It’s hard to tell where the marketing ends and the talent begins with Lana Del Rey. While she undoubtedly has some seriously impressive vocal chords, her emergence from the dry ice of an incredible PR make-over saw her leave plain old Lizzie Grant behind in favour of a slick, sultry image that turned more than a few heads with debut Born To Die. There’s only so long that marketing can do the work for you, however, and once the initial glamour of her arrival faded, the question remains whether third album Ultraviolence would have the substance, and the stamina, to uphold that reputation.
Fortunately, those worries are largely put to bed in an album that continues the deliberately dark and beautiful sound she has become so synonymous with. Opening with twanging, sitar-esque guitars, ‘Cruel World’ gets the album off to a suitably reflective, relationship-focused start. Layer upon layer, it builds to a euphoric yet melancholic chorus, as Del Rey’s higher register makes a confident first appearance. Title track ‘Ultraviolence’ brilliantly contrasts her fragile recitation of the track’s title against a backdrop of ebbing strings and atmospheric electronics.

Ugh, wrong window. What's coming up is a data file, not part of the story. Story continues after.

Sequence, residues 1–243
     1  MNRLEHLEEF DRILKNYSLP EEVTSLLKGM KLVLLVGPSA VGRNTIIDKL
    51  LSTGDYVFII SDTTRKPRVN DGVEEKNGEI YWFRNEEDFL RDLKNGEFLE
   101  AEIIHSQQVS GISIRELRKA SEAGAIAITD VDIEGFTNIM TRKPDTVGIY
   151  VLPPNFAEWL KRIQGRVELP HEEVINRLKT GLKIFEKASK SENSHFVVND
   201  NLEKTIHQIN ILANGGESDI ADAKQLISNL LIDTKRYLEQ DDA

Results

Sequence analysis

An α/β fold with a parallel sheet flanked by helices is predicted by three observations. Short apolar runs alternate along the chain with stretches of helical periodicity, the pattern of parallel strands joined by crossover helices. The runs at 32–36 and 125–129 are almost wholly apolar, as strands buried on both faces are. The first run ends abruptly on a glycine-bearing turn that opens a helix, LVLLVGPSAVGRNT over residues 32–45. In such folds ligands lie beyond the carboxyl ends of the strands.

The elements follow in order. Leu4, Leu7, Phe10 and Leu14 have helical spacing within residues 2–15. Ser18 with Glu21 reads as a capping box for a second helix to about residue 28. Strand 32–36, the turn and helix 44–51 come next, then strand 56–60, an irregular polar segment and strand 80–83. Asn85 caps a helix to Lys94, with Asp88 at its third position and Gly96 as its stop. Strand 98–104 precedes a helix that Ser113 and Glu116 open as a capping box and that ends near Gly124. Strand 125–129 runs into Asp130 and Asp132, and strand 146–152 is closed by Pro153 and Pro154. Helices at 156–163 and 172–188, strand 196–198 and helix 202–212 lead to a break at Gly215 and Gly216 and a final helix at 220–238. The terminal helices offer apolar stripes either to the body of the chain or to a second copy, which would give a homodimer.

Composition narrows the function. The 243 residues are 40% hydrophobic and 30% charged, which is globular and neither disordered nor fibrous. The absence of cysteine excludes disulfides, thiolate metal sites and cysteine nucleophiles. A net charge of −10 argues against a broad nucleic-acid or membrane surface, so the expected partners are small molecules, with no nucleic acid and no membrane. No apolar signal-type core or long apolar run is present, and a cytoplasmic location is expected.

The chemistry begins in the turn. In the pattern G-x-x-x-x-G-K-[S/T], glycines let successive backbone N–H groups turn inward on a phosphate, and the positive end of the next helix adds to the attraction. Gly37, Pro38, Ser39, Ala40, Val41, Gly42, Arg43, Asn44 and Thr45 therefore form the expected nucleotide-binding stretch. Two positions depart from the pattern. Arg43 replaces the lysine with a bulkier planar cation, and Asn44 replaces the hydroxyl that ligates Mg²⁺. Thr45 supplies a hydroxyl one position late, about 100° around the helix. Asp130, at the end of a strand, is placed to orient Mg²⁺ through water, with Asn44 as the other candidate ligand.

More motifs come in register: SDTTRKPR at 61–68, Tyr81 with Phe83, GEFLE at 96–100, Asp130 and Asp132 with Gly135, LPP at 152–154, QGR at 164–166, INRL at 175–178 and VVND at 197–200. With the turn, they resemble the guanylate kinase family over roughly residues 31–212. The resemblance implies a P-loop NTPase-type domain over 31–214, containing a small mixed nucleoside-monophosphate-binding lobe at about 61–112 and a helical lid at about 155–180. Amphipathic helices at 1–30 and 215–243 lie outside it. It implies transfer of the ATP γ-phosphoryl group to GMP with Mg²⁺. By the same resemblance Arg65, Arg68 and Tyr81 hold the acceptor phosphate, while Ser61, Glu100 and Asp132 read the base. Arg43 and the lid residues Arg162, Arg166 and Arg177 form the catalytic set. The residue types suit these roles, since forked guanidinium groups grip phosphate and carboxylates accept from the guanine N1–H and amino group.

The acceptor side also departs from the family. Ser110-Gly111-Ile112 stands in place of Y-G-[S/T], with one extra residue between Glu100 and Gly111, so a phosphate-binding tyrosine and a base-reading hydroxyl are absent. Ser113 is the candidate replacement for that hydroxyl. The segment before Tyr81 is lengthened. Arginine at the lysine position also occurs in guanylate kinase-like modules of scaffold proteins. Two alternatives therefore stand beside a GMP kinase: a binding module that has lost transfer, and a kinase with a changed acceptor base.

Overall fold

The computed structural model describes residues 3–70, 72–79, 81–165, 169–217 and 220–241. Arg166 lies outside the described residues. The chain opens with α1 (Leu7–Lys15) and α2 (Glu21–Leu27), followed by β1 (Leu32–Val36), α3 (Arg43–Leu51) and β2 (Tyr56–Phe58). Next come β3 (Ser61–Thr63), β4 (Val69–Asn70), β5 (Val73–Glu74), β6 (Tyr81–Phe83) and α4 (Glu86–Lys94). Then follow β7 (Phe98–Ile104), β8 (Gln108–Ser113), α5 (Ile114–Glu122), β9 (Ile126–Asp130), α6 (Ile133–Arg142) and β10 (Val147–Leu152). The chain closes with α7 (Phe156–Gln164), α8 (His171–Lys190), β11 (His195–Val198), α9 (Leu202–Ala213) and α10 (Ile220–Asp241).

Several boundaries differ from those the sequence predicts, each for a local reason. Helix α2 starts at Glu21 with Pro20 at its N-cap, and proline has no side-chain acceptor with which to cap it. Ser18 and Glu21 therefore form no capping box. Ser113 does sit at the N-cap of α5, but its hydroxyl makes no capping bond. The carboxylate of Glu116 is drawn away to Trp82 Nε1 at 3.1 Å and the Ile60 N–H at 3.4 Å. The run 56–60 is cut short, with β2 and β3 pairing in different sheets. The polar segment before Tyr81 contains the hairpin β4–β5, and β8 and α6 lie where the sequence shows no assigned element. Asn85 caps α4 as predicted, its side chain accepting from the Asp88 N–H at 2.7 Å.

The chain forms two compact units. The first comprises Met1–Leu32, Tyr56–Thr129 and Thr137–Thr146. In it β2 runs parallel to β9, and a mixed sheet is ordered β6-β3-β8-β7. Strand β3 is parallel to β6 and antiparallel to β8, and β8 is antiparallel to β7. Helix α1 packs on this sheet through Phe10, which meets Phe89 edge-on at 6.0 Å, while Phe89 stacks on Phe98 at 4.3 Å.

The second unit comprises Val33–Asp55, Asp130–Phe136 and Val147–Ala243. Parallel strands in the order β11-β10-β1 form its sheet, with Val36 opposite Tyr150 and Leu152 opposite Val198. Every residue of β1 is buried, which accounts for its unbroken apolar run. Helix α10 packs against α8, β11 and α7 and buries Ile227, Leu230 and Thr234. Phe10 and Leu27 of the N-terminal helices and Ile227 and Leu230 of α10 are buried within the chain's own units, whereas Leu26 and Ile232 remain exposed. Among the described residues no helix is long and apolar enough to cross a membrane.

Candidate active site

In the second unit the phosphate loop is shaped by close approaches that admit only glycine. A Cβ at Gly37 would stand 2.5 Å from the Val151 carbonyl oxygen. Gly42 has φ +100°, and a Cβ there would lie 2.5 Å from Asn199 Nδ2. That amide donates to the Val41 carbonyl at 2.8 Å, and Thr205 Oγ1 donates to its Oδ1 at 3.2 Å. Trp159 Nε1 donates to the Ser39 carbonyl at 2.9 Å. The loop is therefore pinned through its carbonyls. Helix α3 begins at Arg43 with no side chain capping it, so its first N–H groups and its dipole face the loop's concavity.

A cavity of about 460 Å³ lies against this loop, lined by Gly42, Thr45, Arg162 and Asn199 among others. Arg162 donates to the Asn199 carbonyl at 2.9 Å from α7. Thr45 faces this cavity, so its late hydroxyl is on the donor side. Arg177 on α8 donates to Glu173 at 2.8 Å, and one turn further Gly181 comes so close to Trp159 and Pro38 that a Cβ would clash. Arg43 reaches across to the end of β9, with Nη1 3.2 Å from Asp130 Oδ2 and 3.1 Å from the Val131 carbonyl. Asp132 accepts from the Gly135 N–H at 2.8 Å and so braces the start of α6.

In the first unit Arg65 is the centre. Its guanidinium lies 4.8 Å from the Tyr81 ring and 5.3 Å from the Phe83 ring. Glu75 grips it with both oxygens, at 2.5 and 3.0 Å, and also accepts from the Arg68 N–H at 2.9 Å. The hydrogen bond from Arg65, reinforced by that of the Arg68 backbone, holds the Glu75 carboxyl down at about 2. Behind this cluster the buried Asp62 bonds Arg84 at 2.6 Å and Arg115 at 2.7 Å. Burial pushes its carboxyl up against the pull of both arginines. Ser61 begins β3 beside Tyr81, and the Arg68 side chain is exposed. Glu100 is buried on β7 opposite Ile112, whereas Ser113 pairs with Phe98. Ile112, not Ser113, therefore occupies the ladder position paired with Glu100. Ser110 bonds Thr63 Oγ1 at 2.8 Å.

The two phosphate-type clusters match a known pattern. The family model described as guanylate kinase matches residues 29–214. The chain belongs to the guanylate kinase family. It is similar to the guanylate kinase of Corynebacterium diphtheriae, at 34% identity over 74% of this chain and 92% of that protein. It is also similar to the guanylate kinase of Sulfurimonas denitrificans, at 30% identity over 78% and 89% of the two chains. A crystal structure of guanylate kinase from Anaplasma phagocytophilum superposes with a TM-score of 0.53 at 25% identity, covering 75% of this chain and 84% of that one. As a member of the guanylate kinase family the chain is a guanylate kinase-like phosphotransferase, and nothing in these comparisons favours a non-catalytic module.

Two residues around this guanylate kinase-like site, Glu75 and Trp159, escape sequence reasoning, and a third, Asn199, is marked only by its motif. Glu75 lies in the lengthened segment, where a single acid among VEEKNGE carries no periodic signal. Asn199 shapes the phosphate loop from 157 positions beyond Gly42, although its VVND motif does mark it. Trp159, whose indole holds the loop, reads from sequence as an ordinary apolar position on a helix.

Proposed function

The tracks drip-fed to fans so agonizingly over the past few weeks, like the trippy ‘West Coast’ and the warped, lullaby-esque ‘Shades of Cool’, sound even better when mixed in amongst the melodies and miserable euphorias of their surrounding album tracks. While the choruses breach above the sea of self-reflective sadness to give the audience a hook to hold onto, it’s the raw, confessional nature of the lyrics as a whole that gives these songs such power.
Her words carry across backdrops of reverberating guitars, down-tempo beats, and electronic punctuation marks, each song delving down further into the agonies and ecstasies that characterize her relationships with men. ‘Pretty When I Cry’ and ‘Sad Girl’ are heart-wrenching in their confessional nature, the former building to a climactic, guitar-shredding finale while Del Rey’s voice refuses to be drawn into its contagious energy.
It’s clear, listening to Ultraviolence, just how much she has grown as a song-writer. ‘Video Games’ and those first few singles were undoubtedly great, but the lyrics and the music surrounding them have gained a new sense of confidence, of self-assurance; whatever her personal insecurities, her voice has never sounded better. In covering Nina Simone’s ‘The Other Woman’ she attempts the impossible, and does a pretty good job of it, capturing the tragic glamour of the original, her voice shaking with the emotions it evokes.
For those prepared to fork out a little extra, the deluxe version also includes three bonus tracks (‘Guns And Roses’, ‘Florida Kilos’ and the previously leaked ‘Black Beauty’), each of which is well worth a listen. Even without them, though, the album is a fantastic accomplishment. Ultraviolence may be more sedate than sadistic, more miserable than mauling, but there’s no denying – it certainly packs a punch.
Ultraviolence is out now via Polydor.